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Posts Tagged ‘18th century Library’

Scarborough Beach today. Image @Tony Grant

Post contributed by Tony Grant. All rights reserved, Tony Grant.

At the start of our Easter Holidays, on the 11th April, Marilyn, Abigail and myself drove up to Scarborough to spend a few days. Scarborough is on the beautiful rugged Yorkshire coast in the North East of England. We wanted to visit somewhere different and take a refreshing break from South London. We spent three days up there and drove on the North Yorkshire Moors, had a day in York, visited the fishing port of Whitby and went to Castle Howard, a few miles east of York, for one whole afternoon. Many of you will know Castle Howard as the wonderful, rich pile, used in the film and TV adaptations of Brideshead Revisited.

Castle Howard

Castle Howard has been home to the Howard family for over three hundred years. It is an 18th century residence set within over a thousand acres of landscaped gardens and vistas.

Castle Howard. Image @Tony Grant

Marilyn, Abigail and myself took a tour of this wonderful place. One of the things that has always interested me and I have often wondered about, is what books and authors an 18th century gentlemen has on his shelves. Reading Claire Tomlin’s biography of Jane Austen, it is her father’s library, consisting of hundreds of books that was part of Jane’s partly self lead education at Steventon. A short while ago we visited Sir John Soane’s house in Holburn. He had an extensive library. I asked one of the assistants in his house if I could take pictures. I was told politely that I could not.

Library at the Sir John Soane's house. Image @Sir John Soane's House Museum

I had a discussion about the books on John Soanes shelves with the assistant but he did not know much about them. I looked at them, stared at them closely, extremely closely and tried very hard to remember titles, authors and general themes that ran throughout the library. My memory is not that good. I remember large leather bound atlases, the works of Shakespeare, books containing prints and sketches of ruins from classical Greece and Rome, philosophies, histories and there were many religious tracts. There seemed to be a variety of dictionaries. It is interesting to remember that Dr Johnson had many rivals before his Oxford English Dictionary became the definitive one.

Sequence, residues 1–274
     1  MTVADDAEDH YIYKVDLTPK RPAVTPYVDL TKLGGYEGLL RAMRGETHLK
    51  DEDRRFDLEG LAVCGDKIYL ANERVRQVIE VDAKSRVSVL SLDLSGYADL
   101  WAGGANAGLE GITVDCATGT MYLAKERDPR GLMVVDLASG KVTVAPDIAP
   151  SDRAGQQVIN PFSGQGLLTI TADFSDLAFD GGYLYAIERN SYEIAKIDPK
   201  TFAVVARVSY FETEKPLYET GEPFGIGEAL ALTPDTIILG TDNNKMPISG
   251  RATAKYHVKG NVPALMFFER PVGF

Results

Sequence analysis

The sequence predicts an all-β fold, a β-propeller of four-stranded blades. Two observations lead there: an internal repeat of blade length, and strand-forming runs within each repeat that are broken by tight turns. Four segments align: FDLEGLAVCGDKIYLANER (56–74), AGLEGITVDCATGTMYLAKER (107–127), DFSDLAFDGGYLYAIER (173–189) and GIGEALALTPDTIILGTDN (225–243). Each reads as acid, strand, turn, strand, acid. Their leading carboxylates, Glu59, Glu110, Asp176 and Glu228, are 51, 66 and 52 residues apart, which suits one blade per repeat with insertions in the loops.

The Library at Castle Howard sits along a grand hallway. Image @Tony Grant

Anyway, getting back to Brideshead, sorry, Castle Howard. There is a magnificent library there. Shelves and shelves of beautiful volumes with gold-tooled titles and gold leaf flower and leaf patterns adorning, the light tan, dark brown and black leather bound volumes.

Detail of the book shelves in the library at Castle Howard

I asked, timorously, of a smiling gentle looking lady standing to one side of the library, the gallery assistant, if I could take photographs of the books expecting a negative reply. “Yes,” she said enthusiastically, “go ahead, and are there any particular books you would like to see?” I couldn’t believe my luck. She continued,“We have many first editions by great authors here.” I did ask about Jane Austen first editions. She thought there might be some somewhere amongst the novels section. We looked, but could only find Swift, Dryden, Byron, Congreve and others. We couldn’t find Jane. These first editions were there, on shelves, within touching distance. AAAAAGH!!!!

Brown Leather and gold-tooled lettering

One thing I discovered as we went around Castle Howard was that the gallery assistants were not your run of the mill gallery assistants, these people know a lot about the contents of the rooms. They had really studied what they watched over. An example was when we walked into a bedroom and on the wall was a portrait of Henry VIII and it was a Hans Holbein but the same room had Gainsboroughs and Lawrences, on the walls too. No, not copies, the real thing. Rooms throughout the Castle were full of original masterpieces. I couldn’t believe it. A lady there when I asked her, gave me a great art historians analysis of one particular Gainsborough. She, never mind the painting, was the real deal.